[2017] FAI 12











into the death of






Stirling,   May 2017

[1]        This Inquiry examined the circumstances surrounding the death of Rachel Helen Cassells on 4 April 2015, after she was in collision with a coach being driven by Brian Alexander.   At the time of her death, Mrs Cassells was employed by the Edinburgh Woollen Mill Ltd.   At the Inquiry, the Crown was represented by Mr Gavin Callaghan, Principal Procurator Fiscal Depute.   Ms Susan Duff, Advocate appeared for the Edinburgh Woollen Mill Ltd and Ms K Bennett, Advocate appeared for Brian Alexander.

[2]        The following witnesses gave evidence at the Fatal Accident Inquiry on 23, 24 January and 19 April 2017:  

PC Gordon McColl

Police Sergeant Donald Konkol

PC Robert McCulloch

Michael Kibaris

James Turnbull

Brian Alexander 

Elaine Allan

Myra Kyle

Steven John McLaren

Peter Neil Innes

PC Stephen Softley

PC Paul James

[3]        The evidence clearly established that Mrs Cassells was struck by a coach being driven by Brian Alexander.   The collision occurred in the car park of the Trossachs Woollen Mill at Kilmahog by Callander.   At the time of her death, Mrs Cassells was an employee of the Edinburgh Woollen Mill Ltd.   She was employed as a food services assistant.

[4]        There was very little dispute about the surrounding circumstances, except in relation to 2 matters.   The first related to the question of why Mrs Cassells was in the car park and whether it was her habit to go out to meet coaches as they arrived at the Woollen Mill.   The second more significant area of uncertainty related to the precise circumstances leading to the collision.    It was not clear from the evidence whether Mrs Cassells had fallen before she was run over by the coach or whether the coach collided with her, knocking her to the ground, and then ran over her.

[5]        Mrs Cassells was employed as a food services assistant.   Her role was to work in the cafeteria in the main building.   It was not part of her remit to greet coach parties.    Employees from the Trossachs Woollen Mill who gave evidence indicated that they did not know why Mrs Cassells would have gone into the car park.    The practice was for coach parties to be greeted by staff members when they entered the main building.   However, there was evidence that Mrs Cassells was in the habit of going into the car park to greet coach parties.    Witness Kyle, who was working in the main building when the accident happened, spoke to having heard that Mrs Cassells did on occasion greet coach parties.   Witness McLaren, who was the food services manager, spoke of her having done so on the odd occasion.   That was also the evidence of witness Turnbull who was the tour guide on the bus being driven by Brian Alexander.   His evidence was that Mrs Cassells was known to come out to speak to the tourists.   This was also the position of David Ross who was a tour guide on another coach waiting to enter the car park.   This witness did not give evidence at the Inquiry but, in his statement recorded by the police, he said that it was normal practice for Mrs Cassells to come out and meet the passengers from the buses.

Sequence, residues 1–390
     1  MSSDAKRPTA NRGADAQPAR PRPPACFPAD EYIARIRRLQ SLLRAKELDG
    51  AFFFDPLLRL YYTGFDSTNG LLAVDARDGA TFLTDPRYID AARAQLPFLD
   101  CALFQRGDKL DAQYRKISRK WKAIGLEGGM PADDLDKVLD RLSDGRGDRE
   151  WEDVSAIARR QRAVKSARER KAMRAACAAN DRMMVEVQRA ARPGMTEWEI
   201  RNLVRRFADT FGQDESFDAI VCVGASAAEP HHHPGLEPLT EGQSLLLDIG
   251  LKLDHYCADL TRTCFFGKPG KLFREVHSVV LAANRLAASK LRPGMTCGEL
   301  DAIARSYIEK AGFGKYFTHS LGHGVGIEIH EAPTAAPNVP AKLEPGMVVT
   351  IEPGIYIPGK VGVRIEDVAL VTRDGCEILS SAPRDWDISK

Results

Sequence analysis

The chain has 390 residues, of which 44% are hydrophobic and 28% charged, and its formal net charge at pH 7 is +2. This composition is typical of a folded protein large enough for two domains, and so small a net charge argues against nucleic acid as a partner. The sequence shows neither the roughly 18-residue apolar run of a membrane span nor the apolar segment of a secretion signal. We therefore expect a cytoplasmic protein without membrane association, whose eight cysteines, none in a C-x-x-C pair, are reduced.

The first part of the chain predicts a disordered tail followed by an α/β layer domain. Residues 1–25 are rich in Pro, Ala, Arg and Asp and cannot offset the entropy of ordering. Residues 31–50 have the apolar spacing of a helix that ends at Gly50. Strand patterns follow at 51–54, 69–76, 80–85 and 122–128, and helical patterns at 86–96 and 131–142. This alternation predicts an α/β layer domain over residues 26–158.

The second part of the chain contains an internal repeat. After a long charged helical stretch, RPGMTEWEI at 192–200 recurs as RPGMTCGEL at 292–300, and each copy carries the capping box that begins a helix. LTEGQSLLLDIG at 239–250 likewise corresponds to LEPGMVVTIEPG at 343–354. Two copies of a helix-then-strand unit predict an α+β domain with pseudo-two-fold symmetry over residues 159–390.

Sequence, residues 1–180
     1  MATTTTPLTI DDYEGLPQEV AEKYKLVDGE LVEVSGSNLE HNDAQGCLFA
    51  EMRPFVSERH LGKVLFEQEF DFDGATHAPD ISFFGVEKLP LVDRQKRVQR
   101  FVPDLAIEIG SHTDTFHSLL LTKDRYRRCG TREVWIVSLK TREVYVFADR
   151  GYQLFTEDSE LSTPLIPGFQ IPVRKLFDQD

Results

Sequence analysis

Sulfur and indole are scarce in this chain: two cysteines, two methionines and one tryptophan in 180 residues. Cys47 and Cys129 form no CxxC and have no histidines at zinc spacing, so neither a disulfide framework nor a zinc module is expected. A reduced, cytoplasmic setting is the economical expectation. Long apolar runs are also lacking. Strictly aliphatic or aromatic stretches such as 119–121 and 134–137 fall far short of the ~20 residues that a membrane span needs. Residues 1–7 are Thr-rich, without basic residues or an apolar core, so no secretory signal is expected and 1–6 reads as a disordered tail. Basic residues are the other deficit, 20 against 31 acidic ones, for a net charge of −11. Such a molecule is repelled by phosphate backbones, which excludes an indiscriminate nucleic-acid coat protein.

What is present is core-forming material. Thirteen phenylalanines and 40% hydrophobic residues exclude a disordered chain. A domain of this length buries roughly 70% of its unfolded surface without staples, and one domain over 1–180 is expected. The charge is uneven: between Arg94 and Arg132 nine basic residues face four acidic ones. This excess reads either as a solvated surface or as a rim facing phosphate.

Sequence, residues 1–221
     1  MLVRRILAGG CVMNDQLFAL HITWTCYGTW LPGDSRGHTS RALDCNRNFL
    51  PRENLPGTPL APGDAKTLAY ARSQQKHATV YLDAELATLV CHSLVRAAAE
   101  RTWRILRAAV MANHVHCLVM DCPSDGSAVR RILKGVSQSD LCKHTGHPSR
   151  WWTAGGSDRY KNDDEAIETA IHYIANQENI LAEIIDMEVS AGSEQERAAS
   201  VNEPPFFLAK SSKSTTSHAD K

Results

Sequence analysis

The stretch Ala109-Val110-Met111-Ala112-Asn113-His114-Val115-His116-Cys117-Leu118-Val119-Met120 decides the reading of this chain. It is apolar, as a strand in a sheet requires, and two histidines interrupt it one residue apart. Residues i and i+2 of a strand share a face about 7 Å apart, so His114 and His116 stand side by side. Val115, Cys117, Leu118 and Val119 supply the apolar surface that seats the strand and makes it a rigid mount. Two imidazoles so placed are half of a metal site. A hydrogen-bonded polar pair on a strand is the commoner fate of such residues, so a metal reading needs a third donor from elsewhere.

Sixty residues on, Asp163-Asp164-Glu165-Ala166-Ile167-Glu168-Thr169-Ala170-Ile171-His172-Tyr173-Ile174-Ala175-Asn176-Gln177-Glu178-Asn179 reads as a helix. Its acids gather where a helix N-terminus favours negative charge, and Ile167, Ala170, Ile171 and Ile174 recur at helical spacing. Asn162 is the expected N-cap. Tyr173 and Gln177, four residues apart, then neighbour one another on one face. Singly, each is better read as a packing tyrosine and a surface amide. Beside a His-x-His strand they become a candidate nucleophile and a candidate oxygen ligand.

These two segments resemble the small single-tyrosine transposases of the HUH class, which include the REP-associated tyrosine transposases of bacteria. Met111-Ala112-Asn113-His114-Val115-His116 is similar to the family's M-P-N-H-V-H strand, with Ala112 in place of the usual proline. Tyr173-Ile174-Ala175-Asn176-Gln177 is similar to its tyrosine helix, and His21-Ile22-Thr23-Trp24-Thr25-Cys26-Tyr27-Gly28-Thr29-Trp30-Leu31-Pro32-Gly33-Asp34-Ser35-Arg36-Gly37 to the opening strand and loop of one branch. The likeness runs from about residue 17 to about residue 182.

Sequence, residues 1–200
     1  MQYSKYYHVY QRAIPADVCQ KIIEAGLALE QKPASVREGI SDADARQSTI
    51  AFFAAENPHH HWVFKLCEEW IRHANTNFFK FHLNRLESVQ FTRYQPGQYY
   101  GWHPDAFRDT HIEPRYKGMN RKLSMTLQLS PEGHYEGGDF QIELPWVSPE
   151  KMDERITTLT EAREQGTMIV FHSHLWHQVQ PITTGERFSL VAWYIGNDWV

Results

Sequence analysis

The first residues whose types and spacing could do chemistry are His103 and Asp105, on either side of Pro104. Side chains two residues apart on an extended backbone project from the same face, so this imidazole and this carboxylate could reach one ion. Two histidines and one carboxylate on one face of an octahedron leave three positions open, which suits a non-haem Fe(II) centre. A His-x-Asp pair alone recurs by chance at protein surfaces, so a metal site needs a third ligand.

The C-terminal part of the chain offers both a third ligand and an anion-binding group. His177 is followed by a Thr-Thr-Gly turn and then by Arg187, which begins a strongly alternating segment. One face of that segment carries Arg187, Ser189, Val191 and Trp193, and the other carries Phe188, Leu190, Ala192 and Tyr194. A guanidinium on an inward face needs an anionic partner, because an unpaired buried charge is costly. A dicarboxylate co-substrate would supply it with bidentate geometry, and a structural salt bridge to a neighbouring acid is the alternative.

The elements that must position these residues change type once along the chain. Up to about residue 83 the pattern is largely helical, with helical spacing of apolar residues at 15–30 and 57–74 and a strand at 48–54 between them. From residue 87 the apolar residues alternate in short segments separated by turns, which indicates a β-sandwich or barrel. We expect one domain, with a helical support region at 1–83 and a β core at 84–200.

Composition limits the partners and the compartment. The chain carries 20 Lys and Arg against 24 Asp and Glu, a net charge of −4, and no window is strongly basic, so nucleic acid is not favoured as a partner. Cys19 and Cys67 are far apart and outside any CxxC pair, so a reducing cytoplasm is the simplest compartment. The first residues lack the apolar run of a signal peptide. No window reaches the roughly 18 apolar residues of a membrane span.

[6]        What was clear is that there was no other reason for Mrs Cassells to be in the car park.   She was clearly intent on greeting passengers from Mr Alexander’s coach although it was not her job to do so.

[7]        Mr Alexander’s coach arrived at the car park about 18.35 hours on 4 April 2015.    Normal practice was for coaches to enter the car park and perform a turn in order to reverse into the coach bays at the rear of the car park.    The evidence clearly established that Mr Alexander had entered the car park and had started to perform the turn but had stopped before completing the turn.  He was not therefore in a position where he could have reversed into one of the parking bays.   Witness Turnbull, the guide in Mr Alexander’s coach, spoke to seeing Mrs Cassells walk towards the coach.  He described her being about 6’ away from the coach when he lost sight of her.   At this point, Mr Alexander moved the coach forward to complete his turn and at this point witness Turnbull became aware of the possibility that the coach had hit someone.   Mr Alexander stopped the coach and then reversed a small distance.   Witness Turnbull left the coach and found Mrs Cassells on the ground, positioned in line with the front near-side wheel of the coach.  

[8]        Mr Alexander gave evidence but chose not to answer most of the questions put to him.  He had been given the usual warning that he need not answer questions which were self-incriminating.   The Crown had not taken any criminal proceedings against Mr Alexander but had not given him immunity from prosecution.   On the day of the accident, Mr Alexander had spoken to PC Softley.   He told PC Softley that the sun was coming low over the weaving shed and was obscuring his mirror with glare.   Witness Kyle, in her evidence, said that Mr Alexander had volunteered to her that Mrs Cassells had been on his blind-side.    Witness McLaren had also told the police that Mr Alexander had told him that the sun was blinding him.   It was clear from all witnesses that it was a very sunny day and, at the time of the accident, the sun would have been almost directly in front of Mr Alexander and fairly low in the sky.   

[9]        The principal area of uncertainty in relation to the collision between the coach and Mrs Cassells relates to the question of whether or not she had fallen before the coach ran over her or whether the coach knocked her to the ground.    David Ross, in his statement to the police, described Mrs Cassells walking across the car park to Mr Alexander’s coach.    He described her as walking alongside the coach towards the door at the front.   He then saw her stumble and fall to the ground and roll over onto her back just as the wheels of the coach were turning.   He described the front near-side wheel as rolling up onto her legs.